- Open Access
Challenges faced by acute care surgeons in China
World Journal of Emergency Surgery volume 14, Article number: 16 (2019)
The aim of this article is to describe briefly about Chinese ACS surgeons’ work status. It is an undeniable fact that the analysis of ED and ACS resources shows negative tendencies and high work overload, resulting in low patient safety and quality of care. And, there was a substantial shortage of surgeons in the subspecialty. So, a set of strategic measures and state policies should be prioritized.
Acute care surgery (ACS) as a distinct subspecialty within general surgical practice has been in existence for over a decade [1, 2] (Fig. 1). Although often used interchangeably, “emergency general surgery (EGS)” and “ACS” have different meanings. Whereas EGS refers to acute general surgical disorders, ACS includes surgical critical care and the surgical management of acutely ill patients with a variety of conditions including trauma, burns, surgical critical care, or an acute general surgical condition  (Fig. 2). Previous studies have demonstrated the improvement in injury-related mortality and length of stay in hospital systems that use ACS model [4, 5].
China’s rapid economic growth and resulting demands for modern health care have resulted in heavy pressure on ACS surgeons. Chinese ACS surgeons are overworked, suffer lack of respect, and faced the possibility of serious employee turnover. As a consequence, they are faced with some dilemmas in China, which need to be settled urgently.
Concerns from population growth
By the end of 2016, China’s population approached 1.38 billion. Despite its rapid economic development, China has not seen its health care system keep pace. In 2016, China had 2.31 licensed (assistant) doctors per 1000 population, which was substantially lower than other countries.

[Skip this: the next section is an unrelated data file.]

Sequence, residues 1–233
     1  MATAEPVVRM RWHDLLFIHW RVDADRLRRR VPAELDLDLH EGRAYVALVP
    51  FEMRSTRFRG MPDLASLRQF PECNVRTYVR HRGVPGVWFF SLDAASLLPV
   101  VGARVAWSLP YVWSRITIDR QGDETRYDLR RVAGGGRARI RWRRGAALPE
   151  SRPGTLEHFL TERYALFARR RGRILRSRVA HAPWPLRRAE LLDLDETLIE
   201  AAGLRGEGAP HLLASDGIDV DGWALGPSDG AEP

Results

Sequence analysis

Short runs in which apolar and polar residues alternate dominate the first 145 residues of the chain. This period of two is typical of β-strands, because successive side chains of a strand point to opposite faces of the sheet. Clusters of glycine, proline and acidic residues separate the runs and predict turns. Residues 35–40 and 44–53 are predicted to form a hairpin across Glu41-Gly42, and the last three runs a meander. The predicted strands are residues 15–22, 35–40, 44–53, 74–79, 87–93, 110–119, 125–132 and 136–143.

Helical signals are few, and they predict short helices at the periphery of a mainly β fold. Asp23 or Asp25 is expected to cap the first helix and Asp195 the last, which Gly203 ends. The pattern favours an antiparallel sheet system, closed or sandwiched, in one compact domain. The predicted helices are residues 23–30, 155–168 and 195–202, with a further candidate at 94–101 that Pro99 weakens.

In China, hospitals have noted an increased acuity of patients presenting to them. According to the “2017 China Health Statistical Yearbook Compiled by the National Health and Family Planning Commission (http://www.yearbookchina.com/),” the number of outpatients in hospitals has increased significantly from 2,483,091,057 in 2012 to 3,197,103,337 in 2016 over a 5-year period. The population of medical practitioners, outpatients, and emergency department (ED) visits in Chinese hospitals during the years 2012–2016 is shown in Table 1. From the present statistical data, the population of medical practitioners, outpatients, and ED visits had grown over 29.5%, 28.8%, and 39.5% by 2016 relative to the 2012 baseline, respectively. The ED visit population grew at a faster rate than the previous two. The trend in the number of ED visits in Chinese hospitals from 2012 to 2016 is shown in Fig. 3.
Unavoidable incidents, which may refer to unintentional injuries due to falls, motor vehicle traffic crashes, fire/hot objects, or other external causes, represent a large proportion of ED visits. There is no doubt that ACS surgeons are under the burden of a heavy workload that comes with exploding ED visits. However, higher workload for emergency physicians can negatively impact patient safety and quality of care. Safety and quality improvement is of particular importance in the field of ACS and has been required more attention with increased ED visits. As demand continues to grow, workloads increase, and treatments become more complex, a critical need for a departmental and institutional initiative in safety and quality control is apparent.
Concerns from elderly patients
China had entered an aging society by the end of the last century. As age increases, health status and medical demands change correspondingly. According to the “2017 China Statistical Yearbook Compiled by National Bureau of Statistics of China (http://www.stats.gov.cn/),” people aged 65 and over accounted for 10.8% (150.03 million) of the total population in 2016 in China; by 2030, the population is predicted to be 1.46 billion, and 16% percent of Chinese citizens will be aged 65 and over. Figure 4 shows that the prevalence of the population aged 65 and over has increased significantly from 124.14 million in 2012 to 150.03 million in 2016 over a 5-year period in China.